I have spent a lot of time on the complexity arguments (there are different versions), as they always seem to crop up in one form or another when one is engaged in an “intellectual argument” with a religious apologist.
My favorite argument is the bacterial flagellum, which is of particular interest . . . because creationists often hold up the flagellum in court when there are legal attempts to mandate Intelligent Design–for school curricula–in the courts.
This is because the bacterial flagella is one of very few examples of a natural electric motor that powers what is–essentially–a wheel.
This motor has a stator, an axle, something that can be equated with controls to turn it on or off, it works much more efficiently than a man-made motor, it is also self-lubricating, and so forth.
The argument (if we want to call it that) is to address the question of how this motor evolved. If any one of these components are removed, then this motor won’t function.
How can this motor evolve gradually in a step-by-step process if anything less than a complete motor won’t work?
In fact, it can be reasonably argued that a “half-motor” is more detrimental to survival than no motor at all, since building half a motor would tie up and waste resources that might be better and more profitably utilized in other areas of the bacterial cell . . . and this is (correctly, I’ll add) even more of a problem if we consider the many steps from a “1/10th motor” up to our useful motor. These steps represent–perhaps–thousands and thousands of bacterial generations, if not millions.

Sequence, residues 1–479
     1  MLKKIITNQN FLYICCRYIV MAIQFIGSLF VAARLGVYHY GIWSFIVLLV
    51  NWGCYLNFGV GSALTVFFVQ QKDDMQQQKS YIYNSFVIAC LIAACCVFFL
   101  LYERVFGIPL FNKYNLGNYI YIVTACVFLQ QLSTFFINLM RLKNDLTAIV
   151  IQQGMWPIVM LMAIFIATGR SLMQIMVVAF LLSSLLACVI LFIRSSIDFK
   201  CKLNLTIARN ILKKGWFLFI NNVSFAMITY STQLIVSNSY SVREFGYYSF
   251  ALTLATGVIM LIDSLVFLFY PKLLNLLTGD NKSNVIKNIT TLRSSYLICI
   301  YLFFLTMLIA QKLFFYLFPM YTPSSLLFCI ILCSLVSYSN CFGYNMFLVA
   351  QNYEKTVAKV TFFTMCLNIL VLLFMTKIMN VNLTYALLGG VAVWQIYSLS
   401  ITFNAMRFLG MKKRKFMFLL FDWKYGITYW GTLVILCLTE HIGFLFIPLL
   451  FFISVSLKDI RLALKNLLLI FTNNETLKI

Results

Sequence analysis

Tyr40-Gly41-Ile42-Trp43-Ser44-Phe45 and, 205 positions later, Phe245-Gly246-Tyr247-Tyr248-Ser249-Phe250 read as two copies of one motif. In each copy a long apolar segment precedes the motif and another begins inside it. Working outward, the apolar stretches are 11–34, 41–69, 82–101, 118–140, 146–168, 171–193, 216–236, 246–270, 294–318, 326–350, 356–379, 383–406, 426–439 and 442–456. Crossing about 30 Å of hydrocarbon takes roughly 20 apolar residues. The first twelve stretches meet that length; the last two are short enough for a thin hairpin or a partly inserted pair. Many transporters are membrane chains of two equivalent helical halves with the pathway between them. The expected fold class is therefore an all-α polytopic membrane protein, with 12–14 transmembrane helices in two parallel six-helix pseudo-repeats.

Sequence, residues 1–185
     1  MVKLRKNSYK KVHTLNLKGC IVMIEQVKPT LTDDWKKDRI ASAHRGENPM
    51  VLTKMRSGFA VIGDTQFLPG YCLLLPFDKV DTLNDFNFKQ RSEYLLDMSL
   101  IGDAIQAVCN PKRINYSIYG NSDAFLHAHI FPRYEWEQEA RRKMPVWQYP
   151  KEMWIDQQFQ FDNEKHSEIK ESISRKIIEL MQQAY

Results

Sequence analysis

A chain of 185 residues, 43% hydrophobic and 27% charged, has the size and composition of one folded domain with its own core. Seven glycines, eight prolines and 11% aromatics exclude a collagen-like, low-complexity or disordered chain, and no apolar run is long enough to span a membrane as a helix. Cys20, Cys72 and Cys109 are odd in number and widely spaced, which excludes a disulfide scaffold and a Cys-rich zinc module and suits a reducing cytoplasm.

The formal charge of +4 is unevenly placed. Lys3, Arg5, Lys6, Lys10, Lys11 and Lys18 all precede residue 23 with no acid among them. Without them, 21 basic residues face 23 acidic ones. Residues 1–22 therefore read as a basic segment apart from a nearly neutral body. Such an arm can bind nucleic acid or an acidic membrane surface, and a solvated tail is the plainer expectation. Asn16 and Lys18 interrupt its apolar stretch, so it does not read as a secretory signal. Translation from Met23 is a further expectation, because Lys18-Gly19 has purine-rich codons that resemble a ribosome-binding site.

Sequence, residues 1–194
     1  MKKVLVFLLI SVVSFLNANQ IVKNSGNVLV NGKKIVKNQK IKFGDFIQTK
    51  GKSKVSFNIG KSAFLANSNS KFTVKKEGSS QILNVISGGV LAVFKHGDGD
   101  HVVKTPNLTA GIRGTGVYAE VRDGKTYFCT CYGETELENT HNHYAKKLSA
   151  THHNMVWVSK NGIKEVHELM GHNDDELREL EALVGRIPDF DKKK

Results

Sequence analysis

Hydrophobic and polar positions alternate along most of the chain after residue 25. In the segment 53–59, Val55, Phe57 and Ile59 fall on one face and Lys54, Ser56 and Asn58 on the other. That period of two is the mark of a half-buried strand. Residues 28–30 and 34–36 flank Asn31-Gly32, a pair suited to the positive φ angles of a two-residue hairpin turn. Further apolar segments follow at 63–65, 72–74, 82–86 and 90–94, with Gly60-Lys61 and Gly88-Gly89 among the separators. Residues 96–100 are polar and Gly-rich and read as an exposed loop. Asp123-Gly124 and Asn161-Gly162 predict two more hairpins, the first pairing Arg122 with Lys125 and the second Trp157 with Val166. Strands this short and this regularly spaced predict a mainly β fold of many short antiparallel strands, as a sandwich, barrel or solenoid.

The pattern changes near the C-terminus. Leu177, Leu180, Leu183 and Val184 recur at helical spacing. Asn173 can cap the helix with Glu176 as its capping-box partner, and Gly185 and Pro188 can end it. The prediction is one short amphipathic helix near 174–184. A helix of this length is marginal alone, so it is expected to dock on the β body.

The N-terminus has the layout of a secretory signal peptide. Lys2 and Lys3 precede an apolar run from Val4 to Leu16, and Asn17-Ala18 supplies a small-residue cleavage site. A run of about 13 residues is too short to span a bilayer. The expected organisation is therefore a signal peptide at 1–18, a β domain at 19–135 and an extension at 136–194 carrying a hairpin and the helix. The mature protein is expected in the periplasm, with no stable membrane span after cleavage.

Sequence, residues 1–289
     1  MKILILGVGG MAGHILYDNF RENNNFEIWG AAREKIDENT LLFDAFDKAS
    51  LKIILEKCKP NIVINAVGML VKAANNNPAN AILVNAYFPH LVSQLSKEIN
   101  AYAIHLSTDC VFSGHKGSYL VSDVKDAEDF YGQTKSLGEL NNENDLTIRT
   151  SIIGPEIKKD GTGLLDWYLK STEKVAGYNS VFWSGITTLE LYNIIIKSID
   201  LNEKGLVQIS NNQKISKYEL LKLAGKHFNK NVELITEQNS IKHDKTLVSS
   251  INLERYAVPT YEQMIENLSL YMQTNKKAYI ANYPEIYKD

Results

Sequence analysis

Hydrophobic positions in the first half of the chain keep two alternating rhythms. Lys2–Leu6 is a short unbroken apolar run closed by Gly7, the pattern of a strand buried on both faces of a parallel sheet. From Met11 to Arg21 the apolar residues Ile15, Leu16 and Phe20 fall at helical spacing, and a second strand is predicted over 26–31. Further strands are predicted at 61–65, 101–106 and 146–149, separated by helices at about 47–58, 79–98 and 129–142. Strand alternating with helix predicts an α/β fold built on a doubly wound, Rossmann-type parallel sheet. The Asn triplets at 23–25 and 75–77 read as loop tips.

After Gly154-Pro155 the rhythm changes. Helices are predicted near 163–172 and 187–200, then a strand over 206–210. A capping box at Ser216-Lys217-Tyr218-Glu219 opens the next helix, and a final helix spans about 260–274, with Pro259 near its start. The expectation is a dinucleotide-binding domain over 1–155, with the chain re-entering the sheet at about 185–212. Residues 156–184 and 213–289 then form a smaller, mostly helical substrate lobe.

So . . . we must assume that God made the bacterial cell–with it’s motor–rather than the motor having evolved, right?
Well . . . not quite. This chain of reasoning blatantly ignores certain facts.
First, there is the assumption that a half-motor is completely useless–like swimming fins on a camel–and this isn’t true.
We have all used tools for purposes that they weren’t intended for. As an example, I once took a rock that I was using as a doorstop and used it to hammer a nail into wood because I was too lazy to hunt down my hammer.
This happens in the biological world all of the time. My dog’s kidneys have the purpose of cleaning the blood of toxins, but dogs use urine to communicate with other dogs (by odor) when they mark their territory. As another example that occurs in humans, the inner ear not only contributes to hearing, but helps us with balance and locomotion.
A half-motor is useless for turning a flagella . . . but a half-motor is quite good for pushing metabolic toxins and wastes out of the bacterial cell. An example of a bacterial cell that uses a half-motor is Yersinia pestis . . . which causes bubonic plague. This half-motor in Y. pestis is important, as this explains why certain antibiotics won’t cure plague while others will.
All of these “irreducible complexity” arguments stem back to the early 1800s, when they were expressed by William Paley . . . although Isaac Newton explored similar ideas in the 1600s.
When a creationist throws these arguments out there in the hopes of converting people to his (or her) point of view . . . it is a form of deception (intentional or not) that is on par with a stage illusionist convincing a gullible crowd that he is actually working magic.
Another thing that’s sad and depressing about this kind of thinking is that it shows how people deceive themselves by twisting the facts into unreasonable extremes in order to avoid feeling uncomfortable about challenging sacred truths.
If no one challenged sacred truths, then women would still be dying from sepsis after childbirth because of the immorality of doctors subverting God’s punishment of women because Eve tempted Adam.